Trump-era shift: CEOs find a voice for moral outrage
Values and ideals
Corporate America started the year ready to engage with a controversial but business-minded president. This week CEOs have risen in chorus to denounce Trump's lackluster response to racism.
—Not since the 1930s, when prominent business heads publicly broke with Franklin Roosevelt, has a US president seen such a revolt by leading business executives.
Only this time, like Alice down the rabbit hole, everything is topsy-turvy.
Then, the heads of General Motors, General Mills, and others organized to try to defeat a liberal president because of his policies.
Today, a string of business leaders are upbraiding a conservative president because of his character, specifically his fumbled attempts at denouncing neo-Nazis and white supremacists holding a rally turned violent in Charlottesville, Va., over the weekend.
In 1936, Roosevelt seized the moral high ground, saying he was battling “the forces of selfishness” and went on to a landslide election victory.
Now, it appears it’s the CEOs who have the high ground. While President Trump waited two days before specifically denouncing the ideologies of white supremacists, the KKK, and others, then seemed to undercut that denunciation in a subsequent press conference, executives made clear their opposition to hate groups and quit two White House advisory boards in droves –a rare and stinging rebuke from the business community to a sitting president.
Politically, the move further isolates Mr. Trump at a time when he has few legislative victories and an increasingly restive Congress. The situation also pushes CEOs into an unfamiliar – and, for many, an uncomfortable – position of taking high-profile stands on hot-button issues.
Such a public rebuke of a sitting president “is quite rare,” says David Farber, a history professor at the University of Kansas and author of “The Rise and Fall of Modern American Conservatism.” “Even during the Vietnam war, during the times of Nixon and the controversies of the 1960s and early ’70s, leading business people did their best to pretty much stay out of politics.”
Instead of a new trend of CEO outspokenness, it’s likely that this episode represents a unique moment when CEOs felt compelled to speak out.
A usually cautious lot
Typically, companies don’t take stances on political issues because they don’t want to alienate customers. They will lobby when their business is affected and occasionally criticize a president over a specific issue: Think insurance companies taking on Presidents Bill Clinton and later Barack Obama over health care. But CEOs tread carefully because a president wields enormous power and they don’t want a disagreement in one area to shut off possibilities of White House collaboration on other issues.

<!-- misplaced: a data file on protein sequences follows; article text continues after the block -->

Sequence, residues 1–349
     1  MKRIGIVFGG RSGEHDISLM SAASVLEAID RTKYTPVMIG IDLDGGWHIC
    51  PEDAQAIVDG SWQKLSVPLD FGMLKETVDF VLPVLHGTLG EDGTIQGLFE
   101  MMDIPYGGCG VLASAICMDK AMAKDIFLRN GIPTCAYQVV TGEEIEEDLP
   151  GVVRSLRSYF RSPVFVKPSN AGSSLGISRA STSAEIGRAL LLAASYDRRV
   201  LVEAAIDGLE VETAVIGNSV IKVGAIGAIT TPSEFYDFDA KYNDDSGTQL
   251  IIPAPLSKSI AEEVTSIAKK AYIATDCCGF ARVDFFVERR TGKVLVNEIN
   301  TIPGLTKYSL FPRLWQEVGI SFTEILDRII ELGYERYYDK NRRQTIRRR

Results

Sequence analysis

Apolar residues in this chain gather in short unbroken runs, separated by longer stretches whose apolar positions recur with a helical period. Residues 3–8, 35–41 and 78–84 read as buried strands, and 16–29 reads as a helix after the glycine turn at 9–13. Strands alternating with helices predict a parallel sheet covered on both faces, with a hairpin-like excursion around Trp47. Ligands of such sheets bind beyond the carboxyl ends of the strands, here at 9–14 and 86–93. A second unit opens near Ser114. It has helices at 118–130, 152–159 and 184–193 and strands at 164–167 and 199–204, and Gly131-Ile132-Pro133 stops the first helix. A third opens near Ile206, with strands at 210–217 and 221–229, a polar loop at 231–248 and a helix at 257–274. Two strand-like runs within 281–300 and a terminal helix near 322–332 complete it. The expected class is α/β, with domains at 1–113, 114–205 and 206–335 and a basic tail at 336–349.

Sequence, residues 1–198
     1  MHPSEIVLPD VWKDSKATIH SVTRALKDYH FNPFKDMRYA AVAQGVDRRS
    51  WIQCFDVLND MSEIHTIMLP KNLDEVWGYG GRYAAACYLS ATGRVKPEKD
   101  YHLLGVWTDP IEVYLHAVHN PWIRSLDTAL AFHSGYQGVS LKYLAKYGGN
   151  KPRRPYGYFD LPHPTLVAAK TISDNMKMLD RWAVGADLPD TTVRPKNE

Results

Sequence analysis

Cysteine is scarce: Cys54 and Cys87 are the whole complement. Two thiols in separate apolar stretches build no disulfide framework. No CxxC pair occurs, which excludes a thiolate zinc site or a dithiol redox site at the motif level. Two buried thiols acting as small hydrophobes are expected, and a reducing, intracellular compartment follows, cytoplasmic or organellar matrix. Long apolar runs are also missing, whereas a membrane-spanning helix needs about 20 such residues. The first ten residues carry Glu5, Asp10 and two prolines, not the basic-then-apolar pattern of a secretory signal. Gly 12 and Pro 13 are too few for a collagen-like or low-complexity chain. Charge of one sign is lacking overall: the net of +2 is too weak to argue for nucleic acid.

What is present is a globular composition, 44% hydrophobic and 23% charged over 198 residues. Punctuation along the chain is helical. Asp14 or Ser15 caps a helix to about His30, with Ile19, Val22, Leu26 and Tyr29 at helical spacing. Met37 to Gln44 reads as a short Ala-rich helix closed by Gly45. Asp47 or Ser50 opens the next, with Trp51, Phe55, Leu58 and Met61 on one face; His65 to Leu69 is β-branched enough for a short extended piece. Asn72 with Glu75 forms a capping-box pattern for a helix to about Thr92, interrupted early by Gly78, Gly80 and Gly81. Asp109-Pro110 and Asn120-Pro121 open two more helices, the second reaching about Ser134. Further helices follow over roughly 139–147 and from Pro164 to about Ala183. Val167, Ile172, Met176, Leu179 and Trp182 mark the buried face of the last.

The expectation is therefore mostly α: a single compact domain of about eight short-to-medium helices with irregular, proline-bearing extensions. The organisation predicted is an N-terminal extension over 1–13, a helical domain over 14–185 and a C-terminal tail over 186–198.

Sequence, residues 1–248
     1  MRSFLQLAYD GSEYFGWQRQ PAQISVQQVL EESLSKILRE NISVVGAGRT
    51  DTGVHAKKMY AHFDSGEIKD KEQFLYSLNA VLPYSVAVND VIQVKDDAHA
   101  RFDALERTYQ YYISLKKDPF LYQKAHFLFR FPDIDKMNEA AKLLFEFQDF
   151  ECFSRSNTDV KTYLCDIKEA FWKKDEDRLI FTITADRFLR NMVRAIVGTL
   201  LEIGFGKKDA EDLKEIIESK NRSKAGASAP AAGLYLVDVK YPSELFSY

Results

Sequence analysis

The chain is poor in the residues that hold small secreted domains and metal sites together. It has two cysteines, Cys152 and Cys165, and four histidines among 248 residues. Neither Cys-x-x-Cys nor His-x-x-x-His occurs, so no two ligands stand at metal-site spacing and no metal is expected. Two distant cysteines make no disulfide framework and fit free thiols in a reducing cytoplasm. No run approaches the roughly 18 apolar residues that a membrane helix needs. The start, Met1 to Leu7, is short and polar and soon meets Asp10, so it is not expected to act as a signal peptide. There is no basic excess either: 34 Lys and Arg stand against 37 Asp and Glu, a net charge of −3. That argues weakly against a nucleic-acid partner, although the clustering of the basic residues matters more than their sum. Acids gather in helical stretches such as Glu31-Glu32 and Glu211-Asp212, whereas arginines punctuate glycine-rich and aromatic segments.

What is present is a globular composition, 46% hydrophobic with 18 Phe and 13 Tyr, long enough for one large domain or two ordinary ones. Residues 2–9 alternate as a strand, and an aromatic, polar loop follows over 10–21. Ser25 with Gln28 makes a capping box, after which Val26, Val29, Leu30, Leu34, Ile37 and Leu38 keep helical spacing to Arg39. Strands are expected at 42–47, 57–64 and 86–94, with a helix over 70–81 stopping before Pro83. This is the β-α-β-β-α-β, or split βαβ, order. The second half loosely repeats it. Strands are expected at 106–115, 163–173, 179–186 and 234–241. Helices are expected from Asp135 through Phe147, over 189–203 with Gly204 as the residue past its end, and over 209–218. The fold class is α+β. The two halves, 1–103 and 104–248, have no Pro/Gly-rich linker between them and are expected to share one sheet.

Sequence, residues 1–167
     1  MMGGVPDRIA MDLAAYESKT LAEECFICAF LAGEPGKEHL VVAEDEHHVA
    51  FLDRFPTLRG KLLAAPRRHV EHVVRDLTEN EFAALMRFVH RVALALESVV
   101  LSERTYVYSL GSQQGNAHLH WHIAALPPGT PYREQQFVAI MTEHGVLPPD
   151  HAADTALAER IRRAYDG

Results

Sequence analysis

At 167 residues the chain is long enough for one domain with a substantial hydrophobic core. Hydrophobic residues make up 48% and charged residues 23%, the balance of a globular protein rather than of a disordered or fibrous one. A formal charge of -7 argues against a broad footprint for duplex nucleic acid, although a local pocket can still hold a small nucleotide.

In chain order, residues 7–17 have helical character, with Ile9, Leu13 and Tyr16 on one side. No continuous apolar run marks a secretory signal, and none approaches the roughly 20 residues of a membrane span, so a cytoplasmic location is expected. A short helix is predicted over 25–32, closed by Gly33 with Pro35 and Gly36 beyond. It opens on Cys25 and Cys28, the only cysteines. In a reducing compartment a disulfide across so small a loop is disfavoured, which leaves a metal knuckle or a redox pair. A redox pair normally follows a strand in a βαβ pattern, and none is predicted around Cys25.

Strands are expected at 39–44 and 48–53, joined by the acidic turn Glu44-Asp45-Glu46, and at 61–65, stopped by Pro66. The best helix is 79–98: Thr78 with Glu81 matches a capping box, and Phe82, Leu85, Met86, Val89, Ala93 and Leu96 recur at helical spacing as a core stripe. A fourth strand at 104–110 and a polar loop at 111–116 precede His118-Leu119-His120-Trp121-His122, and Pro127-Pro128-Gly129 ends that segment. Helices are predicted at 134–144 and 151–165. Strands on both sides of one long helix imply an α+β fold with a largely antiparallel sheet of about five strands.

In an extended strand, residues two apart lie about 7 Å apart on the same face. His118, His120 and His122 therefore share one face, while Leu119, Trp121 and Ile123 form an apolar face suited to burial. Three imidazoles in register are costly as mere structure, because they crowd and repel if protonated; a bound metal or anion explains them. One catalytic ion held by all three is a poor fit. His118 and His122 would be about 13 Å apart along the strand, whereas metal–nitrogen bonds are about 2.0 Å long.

One thing that’s different in this case: Corporate leaders may feel they risk alienating customers if they don’t speak out.
The last time there was such a public break came in 1934, in the depths of the Great Depression, when General Motors’ Alfred Sloan and other corporate leaders broke with FDR’s then-radical programs for massive government intervention in the economy.
That corporate opposition was far more serious than today’s, professor Farber says, involving a well-funded effort to defeat Roosevelt in the 1936 elections. By contrast, corporate America today supports key parts of Trump’s agenda, especially tax reform and the push to reduce government regulation.
Early clashes with Trump
It was other White House policies, supported by a Trump voter base that includes white nationalists, that started the trickle of CEO discontent. In January, Amazon CEO Jeff Bezos, Apple’s Tim Cook, and many others condemned Trump’s ban on travel from certain Muslim-majority countries. In June, Tesla’s Elon Musk and Disney's Bob Iger quit the president’s strategic policy forum after he announced plans to pull America out of a UN climate-change accord.
Into the spring and summer, CEO criticism of Trump shifted, especially after the White House’s very public failure to push health-care reform through the Senate. Could the president get anything done? In May, billionaire investor Peter Thiel, one of Trump’s few backers in Silicon Valley, reportedly called the administration “incompetent.”